What We Are Reading Today: Maybe You Should Talk to Someone by Lori Gottlieb

Updated 18 April 2019
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What We Are Reading Today: Maybe You Should Talk to Someone by Lori Gottlieb

Maybe You Should Talk to Someone is revolutionary in its candor, pulling back the curtain on the therapeutic process and offering the rarest of gifts: An entertaining, illuminating, and quite possibly life-changing account of our own mysterious lives and our power to transform them. 

Author Lori Gottlieb is a therapist who shares her insights not only about her professional experience but her own journey through therapy. 

The book “helps normalize therapy for everyone, and her ability to share the profound growth both she and her patients experienced was so honest and refreshing,” said a review in goodreads.com. 

“While Gottlieb includes many important psychological concepts, her writing is clear and conversational and easy for anyone to engage with. There was a perfect balance with the personal stories that will also help her readers become more aware of their own obstacles and moments of growth as they move through this book,” the review added. 

Gottlieb is a New York Times bestselling author who writes the weekly “Dear Therapist” advise column for the Atlantic. 

A contributing editor for the Atlantic, she also writes for the New York Times Magazine, and is a sought-after expert on relationships, parenting, and mental health topics in media such as The Today Show, Good Morning America, CBS This Morning, CNN and NPR.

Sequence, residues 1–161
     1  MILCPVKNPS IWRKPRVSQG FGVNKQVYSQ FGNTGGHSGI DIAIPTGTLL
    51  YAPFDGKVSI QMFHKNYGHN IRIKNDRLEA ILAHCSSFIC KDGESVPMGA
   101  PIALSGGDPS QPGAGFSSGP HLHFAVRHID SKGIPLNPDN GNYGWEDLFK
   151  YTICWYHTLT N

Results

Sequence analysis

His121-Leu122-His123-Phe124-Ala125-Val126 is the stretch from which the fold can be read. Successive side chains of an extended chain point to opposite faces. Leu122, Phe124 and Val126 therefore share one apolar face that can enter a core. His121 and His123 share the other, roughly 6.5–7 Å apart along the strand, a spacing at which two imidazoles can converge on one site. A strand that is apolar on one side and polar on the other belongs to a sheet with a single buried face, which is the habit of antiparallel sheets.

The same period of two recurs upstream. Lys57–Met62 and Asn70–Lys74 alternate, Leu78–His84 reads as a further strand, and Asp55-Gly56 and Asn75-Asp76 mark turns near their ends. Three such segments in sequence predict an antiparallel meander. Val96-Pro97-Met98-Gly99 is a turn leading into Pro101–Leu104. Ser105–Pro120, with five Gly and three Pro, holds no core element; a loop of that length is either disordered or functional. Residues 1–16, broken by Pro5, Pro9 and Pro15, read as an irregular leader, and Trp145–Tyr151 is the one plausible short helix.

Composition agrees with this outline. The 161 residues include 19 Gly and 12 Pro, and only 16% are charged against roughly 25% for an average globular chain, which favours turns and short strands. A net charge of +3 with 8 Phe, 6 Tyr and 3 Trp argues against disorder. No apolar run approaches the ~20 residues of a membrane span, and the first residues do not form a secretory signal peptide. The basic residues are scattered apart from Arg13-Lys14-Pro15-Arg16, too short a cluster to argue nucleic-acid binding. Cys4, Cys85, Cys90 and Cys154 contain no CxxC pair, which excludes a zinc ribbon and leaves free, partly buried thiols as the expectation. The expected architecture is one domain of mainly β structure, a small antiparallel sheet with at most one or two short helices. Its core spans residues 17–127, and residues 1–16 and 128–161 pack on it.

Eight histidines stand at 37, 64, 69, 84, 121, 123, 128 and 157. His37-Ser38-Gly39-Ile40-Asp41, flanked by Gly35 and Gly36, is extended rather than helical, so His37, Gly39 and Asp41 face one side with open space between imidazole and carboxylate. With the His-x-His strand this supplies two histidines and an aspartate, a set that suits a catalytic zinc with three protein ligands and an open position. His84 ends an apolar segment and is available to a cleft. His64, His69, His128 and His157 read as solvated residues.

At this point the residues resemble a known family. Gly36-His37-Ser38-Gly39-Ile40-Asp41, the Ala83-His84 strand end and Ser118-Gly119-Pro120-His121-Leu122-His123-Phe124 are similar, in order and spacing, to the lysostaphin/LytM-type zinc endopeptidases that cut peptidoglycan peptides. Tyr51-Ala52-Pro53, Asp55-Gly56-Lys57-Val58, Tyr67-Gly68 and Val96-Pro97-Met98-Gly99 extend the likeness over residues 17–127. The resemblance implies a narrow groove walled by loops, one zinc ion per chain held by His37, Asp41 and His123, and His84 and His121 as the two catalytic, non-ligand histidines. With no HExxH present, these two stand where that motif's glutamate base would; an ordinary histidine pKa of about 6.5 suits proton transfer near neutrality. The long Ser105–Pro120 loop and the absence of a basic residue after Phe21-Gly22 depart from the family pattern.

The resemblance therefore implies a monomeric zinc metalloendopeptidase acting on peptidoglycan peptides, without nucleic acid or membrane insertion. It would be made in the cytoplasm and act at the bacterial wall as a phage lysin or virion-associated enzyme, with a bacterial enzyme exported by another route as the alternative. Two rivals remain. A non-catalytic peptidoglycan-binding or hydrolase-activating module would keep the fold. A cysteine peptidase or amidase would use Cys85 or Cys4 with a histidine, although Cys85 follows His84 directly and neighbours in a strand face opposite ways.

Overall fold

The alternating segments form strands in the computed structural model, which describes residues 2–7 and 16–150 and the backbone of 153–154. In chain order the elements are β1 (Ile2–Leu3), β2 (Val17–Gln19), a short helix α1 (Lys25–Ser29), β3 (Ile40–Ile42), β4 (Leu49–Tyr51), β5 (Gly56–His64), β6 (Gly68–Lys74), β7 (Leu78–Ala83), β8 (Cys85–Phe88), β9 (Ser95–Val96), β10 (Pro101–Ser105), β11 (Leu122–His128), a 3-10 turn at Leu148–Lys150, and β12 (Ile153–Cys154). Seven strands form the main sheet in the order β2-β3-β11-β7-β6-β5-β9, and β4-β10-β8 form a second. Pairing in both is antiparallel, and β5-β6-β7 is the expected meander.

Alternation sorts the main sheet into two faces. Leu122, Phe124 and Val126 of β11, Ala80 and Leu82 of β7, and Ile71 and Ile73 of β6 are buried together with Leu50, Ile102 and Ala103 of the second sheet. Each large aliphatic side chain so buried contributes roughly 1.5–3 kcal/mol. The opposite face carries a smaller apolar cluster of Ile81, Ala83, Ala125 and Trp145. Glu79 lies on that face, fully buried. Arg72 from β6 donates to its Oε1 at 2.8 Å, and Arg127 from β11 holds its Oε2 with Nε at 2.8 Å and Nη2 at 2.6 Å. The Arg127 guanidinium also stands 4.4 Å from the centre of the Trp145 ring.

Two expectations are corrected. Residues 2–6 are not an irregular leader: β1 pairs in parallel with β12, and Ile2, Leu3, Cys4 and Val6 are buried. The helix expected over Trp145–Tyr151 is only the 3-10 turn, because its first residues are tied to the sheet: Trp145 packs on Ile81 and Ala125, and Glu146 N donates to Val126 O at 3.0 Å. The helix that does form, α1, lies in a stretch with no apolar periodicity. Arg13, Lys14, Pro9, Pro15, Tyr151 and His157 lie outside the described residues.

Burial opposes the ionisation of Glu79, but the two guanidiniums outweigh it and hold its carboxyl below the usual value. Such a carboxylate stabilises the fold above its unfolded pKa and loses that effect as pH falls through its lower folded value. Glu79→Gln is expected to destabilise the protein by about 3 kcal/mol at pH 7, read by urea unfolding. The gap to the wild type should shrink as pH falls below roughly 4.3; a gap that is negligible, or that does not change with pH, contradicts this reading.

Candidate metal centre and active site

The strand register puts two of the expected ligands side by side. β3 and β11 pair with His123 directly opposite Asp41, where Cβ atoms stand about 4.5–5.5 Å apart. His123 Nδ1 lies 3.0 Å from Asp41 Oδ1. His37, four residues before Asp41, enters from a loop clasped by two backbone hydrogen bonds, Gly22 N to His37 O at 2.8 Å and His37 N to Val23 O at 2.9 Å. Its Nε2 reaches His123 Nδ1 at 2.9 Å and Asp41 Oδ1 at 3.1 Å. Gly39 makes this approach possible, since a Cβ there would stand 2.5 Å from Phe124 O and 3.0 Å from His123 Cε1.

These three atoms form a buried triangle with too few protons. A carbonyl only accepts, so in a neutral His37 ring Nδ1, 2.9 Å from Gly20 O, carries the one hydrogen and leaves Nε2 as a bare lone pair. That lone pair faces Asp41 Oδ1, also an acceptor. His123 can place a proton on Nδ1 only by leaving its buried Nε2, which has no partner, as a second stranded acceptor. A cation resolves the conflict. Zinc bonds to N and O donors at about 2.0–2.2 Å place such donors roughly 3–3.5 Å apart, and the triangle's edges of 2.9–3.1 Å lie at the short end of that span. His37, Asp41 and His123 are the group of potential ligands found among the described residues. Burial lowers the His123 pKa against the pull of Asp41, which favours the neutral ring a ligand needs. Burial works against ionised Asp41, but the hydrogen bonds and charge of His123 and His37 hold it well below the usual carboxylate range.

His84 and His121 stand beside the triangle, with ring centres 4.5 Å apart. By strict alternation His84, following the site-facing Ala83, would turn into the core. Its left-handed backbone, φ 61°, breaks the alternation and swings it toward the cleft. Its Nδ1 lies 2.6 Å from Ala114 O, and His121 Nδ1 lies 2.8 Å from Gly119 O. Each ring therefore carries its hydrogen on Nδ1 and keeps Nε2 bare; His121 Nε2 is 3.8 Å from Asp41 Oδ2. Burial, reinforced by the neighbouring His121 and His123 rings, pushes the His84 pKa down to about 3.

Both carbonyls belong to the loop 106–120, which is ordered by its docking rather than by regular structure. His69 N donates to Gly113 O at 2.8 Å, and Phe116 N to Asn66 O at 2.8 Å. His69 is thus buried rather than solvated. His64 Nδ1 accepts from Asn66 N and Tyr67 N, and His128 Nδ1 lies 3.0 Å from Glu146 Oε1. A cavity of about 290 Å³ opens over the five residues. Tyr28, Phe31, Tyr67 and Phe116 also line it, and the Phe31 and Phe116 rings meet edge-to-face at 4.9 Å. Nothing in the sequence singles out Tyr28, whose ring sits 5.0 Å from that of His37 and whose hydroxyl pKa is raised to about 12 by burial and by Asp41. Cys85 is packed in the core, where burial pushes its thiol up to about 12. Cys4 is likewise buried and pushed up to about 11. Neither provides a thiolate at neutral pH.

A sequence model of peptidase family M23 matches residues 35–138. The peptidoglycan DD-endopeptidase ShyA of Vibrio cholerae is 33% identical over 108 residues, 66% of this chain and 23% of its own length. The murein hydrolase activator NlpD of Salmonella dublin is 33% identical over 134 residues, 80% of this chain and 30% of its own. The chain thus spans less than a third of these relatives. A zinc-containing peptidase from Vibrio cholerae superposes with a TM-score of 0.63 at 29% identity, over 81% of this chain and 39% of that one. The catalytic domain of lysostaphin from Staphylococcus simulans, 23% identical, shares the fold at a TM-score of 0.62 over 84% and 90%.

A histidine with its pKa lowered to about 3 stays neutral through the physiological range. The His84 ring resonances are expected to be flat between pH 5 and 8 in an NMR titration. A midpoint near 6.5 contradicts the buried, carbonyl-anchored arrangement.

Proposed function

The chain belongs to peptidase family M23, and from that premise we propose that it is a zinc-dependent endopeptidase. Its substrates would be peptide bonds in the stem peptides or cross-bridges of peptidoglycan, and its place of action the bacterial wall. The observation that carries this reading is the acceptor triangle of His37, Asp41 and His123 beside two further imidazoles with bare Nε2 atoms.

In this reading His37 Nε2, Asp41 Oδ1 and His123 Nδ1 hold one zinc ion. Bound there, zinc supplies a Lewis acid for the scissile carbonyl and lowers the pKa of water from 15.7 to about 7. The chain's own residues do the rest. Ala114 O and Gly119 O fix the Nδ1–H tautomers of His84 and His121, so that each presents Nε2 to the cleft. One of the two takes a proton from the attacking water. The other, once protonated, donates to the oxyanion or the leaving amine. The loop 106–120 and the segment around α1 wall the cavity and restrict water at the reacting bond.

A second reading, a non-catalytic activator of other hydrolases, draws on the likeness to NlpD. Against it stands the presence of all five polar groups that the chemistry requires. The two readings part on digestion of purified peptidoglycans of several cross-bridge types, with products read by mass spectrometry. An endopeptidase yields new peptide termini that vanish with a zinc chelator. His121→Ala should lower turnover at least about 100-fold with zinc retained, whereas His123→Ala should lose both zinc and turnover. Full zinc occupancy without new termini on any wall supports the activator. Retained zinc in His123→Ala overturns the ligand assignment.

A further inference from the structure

What We Are Reading Today: The Body Papers by Grace Talusan

Updated 24 May 2019
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What We Are Reading Today: The Body Papers by Grace Talusan

Grace Talusan’s memoir The Body Papers bravely explores her experiences with sexual abuse, depression, cancer, and life as a Filipino immigrant, supplemented with government documents, medical records, and family photos.

“Much of Talusan’s memoir will be familiar to any reader of immigrant narratives. But what renders the book memorable — perhaps what earned it the Restless Books Prize for New Immigrant Writing — is the author’s unstinting self-portrait,” said Luis H. Francia in a review published in The New York Times.

“We see Talusan clearly in the present, warts and all, precisely through the stark, lucid representations of herself in the past. Having moved with her family from the Philippines to suburban America when she was two years old, Talusan recalls complex feelings of loss, displacement and adjustment,” the critic added.

A review published in goodreads.com said: “The generosity of spirit and literary acuity of this debut memoir are a testament to her determination and resilience. In excavating and documenting such abuse and trauma, Talusan gives voice to unspeakable experience, and shines a light of hope into the darkness.”